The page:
U.S. Requests British Troops for Iraq Attack

The United States has requested British troops to join a possible war on Iraq, Defense Secretary Geoff Hoon said Wednesday.

The Bush administration has disclosed that U.S. ambassadors in 50 countries have been told to solicit support from allies for personnel and equipment to assist American forces in the war on terrorism and, possibly, on Iraq. A senior administration official said the preliminary surveys are meant to formalize ad-hoc offers of support made to Washington over recent months.

"We have had a request for forces from the United States, but no decision has been taken on that and it does seem to me appropriate that I should set out in more detail our thinking on Monday in the parliamentary debate," Hoon said at a news conference.

British lawmakers are scheduled to debate the Iraq crisis next week in the House of Commons. Many are wary of joining U.S.-led military action to disarm Saddam Hussein.

On Nov. 7, the United Nations Security Council passed a resolution calling on Iraq to cooperate with U.N. weapons inspectors searching for chemical, biological and nuclear weapons. It threatens the country with unspecified "serious consequences" if it fails to disarm.

The United States has drawn up plans to invade Iraq with up to 250,000 troops should Saddam be judged to have breached the resolution.

A Ministry of Defense spokesman refused to give details of talks between Britain and the United States or to discuss the number of British troops that had been requested. He said the government was engaged in "contingency planning" for military action.

"It's no great secret that we have been for several weeks in planning for military action," he said on condition of anonymity. "The U.K. has been making contingency plans in case, sadly, it is required."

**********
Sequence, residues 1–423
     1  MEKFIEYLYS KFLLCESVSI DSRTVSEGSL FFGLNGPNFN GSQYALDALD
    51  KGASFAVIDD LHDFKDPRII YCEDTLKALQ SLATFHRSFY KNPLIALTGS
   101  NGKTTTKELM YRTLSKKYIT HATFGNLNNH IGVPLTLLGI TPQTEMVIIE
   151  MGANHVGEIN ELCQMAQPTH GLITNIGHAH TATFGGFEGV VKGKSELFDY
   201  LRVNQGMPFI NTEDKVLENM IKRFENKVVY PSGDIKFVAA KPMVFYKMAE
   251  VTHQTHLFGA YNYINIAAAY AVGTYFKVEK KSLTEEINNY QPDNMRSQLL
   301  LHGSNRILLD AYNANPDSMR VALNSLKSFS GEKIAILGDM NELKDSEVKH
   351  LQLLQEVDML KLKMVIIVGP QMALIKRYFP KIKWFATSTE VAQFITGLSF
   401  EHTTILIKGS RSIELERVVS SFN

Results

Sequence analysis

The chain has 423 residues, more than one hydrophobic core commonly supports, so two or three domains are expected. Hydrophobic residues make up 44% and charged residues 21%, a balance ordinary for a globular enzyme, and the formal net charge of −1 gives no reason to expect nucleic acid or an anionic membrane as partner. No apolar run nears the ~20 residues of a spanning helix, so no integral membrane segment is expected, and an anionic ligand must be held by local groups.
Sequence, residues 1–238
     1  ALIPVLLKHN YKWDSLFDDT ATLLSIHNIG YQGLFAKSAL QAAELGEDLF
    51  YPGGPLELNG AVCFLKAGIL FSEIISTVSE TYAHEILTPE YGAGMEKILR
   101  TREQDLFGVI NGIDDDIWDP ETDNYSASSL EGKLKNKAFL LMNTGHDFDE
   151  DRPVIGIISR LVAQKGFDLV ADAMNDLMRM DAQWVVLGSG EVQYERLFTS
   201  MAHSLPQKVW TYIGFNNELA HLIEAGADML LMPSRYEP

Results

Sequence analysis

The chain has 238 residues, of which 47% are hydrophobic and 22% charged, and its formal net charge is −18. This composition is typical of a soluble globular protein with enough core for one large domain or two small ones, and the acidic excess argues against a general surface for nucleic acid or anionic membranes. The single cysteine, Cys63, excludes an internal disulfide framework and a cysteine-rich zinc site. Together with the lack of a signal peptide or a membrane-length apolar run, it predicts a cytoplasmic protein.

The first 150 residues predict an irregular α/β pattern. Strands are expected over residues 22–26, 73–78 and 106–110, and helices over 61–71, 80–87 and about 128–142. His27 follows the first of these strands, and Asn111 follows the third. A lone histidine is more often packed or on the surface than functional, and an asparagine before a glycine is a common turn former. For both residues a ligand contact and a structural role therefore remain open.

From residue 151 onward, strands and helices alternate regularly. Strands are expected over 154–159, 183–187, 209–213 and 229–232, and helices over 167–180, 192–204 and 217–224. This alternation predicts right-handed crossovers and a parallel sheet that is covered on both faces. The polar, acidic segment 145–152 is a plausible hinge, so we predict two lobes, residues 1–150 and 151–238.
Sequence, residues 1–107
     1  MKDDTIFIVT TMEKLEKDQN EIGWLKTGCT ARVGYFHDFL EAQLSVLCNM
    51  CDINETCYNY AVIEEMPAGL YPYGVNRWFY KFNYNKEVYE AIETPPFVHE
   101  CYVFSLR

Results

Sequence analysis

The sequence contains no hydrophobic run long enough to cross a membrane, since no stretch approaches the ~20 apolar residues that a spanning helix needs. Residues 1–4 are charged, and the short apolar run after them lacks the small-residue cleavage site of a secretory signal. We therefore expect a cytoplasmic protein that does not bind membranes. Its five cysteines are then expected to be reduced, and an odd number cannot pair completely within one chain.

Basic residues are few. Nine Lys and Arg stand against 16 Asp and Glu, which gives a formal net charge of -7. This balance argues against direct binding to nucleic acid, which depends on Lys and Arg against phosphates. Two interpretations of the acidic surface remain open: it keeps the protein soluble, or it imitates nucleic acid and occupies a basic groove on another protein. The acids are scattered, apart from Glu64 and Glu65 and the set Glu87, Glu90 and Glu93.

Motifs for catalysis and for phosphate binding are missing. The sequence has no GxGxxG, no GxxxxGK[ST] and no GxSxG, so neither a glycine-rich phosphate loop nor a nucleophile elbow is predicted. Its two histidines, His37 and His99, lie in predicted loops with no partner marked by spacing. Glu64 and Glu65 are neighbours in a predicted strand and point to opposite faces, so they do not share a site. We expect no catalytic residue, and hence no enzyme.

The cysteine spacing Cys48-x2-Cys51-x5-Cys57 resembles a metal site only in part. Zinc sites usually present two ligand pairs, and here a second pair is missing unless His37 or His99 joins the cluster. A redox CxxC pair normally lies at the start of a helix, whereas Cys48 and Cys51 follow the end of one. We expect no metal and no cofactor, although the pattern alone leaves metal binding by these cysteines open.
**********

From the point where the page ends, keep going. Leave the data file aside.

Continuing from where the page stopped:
Hoon said the Security Council should consider whether Iraqi attacks on British and American warplanes patrolling the country's "no-fly zone" this week were a breach of the Security Council resolution.

U.S. officials have said Iraqi anti-aircraft fire appears violate the resolution, but U.N. Secretary-General Kofi Annan has disagreed with that interpretation.

The 15-member council has never specifically approved the flights over northern and southern Iraq, which Baghdad considers violations of its sovereignty.

"It's clearly relevant that his forces should attack our forces carrying out humanitarian tasks in the no-fly zone," Hoon said.

"And certainly I agree that it is important that we recognize that this is an aggressive, belligerent state as far as our aircraft are concerned and that will go to be part of the picture the Security Council discusses but it would be a matter for the Security Council to discuss once all the evidence had been amassed."